Traveling by a myriad of modes, including tandem bike, boat, motorcycle (with sidecar!) and camper van, provided the pair with ample opportunity to grow their friendship.

“The camper van was a little cramped at times – both Sam and I are over 6’, so leg room was at a premium. And there were occasions when we got on each other’s nerves for sure, but mostly we got on quite well. However, as with anytime you put two boys together for any length of time, things could get a little, er…odorous?

“One thing that I didn’t know about Sam was that he only earned his driving license at the age of 30. So, knowing that he only had ten years of road experience under his belt was a little unnerving at first – not that I let that on at the time – but obviously, as I am here talking with you now, I somehow survived.”

McTavish is confident that audiences will enjoy the duo’s on-camera dynamic.

“I hope we don’t burst anyone’s bubble,” he smiles. “And by that, I mean that people are so used to seeing us in our roles on Outlander – in the kilts, with the armour, in a different time and setting – that they may get put off completely when they realize that we are your common, run-of-the-mill, everyday guys – or worse; that we are really nothing more than two overgrown boys on some sort of ridiculous drunken escapade.”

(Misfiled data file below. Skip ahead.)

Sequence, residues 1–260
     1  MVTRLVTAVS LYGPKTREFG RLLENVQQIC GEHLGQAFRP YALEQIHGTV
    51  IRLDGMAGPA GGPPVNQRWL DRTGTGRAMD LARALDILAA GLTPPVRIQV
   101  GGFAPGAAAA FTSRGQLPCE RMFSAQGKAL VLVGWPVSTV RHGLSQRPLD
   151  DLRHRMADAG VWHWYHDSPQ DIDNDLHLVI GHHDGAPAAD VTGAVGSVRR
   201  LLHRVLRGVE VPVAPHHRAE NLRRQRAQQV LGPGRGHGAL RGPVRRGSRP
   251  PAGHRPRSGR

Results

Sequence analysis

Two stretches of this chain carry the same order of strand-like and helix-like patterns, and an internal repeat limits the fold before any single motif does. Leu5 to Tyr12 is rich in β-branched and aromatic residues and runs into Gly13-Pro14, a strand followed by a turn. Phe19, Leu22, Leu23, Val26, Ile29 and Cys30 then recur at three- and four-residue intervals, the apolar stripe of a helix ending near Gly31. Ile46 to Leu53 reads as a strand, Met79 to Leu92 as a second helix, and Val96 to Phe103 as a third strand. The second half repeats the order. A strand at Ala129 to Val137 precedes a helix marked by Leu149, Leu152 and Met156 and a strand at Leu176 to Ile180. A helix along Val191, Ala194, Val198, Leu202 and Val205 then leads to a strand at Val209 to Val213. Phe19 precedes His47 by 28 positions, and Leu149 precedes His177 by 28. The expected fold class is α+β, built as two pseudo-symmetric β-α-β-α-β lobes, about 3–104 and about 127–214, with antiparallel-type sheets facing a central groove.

More poignantly, he is hopeful that the book and series may encourage and entice more people to visit his home country.

“Scotland has so much going for at right now. Of course, there is our history and our landscape and our people, but we also have tremendous cuisine and a really vibrant arts scene. Every time that one of our people takes center stage – perhaps a chef or a musician or an actor – audiences see for themselves what this country can bring to the table.”

That table is a little less full these days, given the recent passing of the legendary Sir Sean Connery.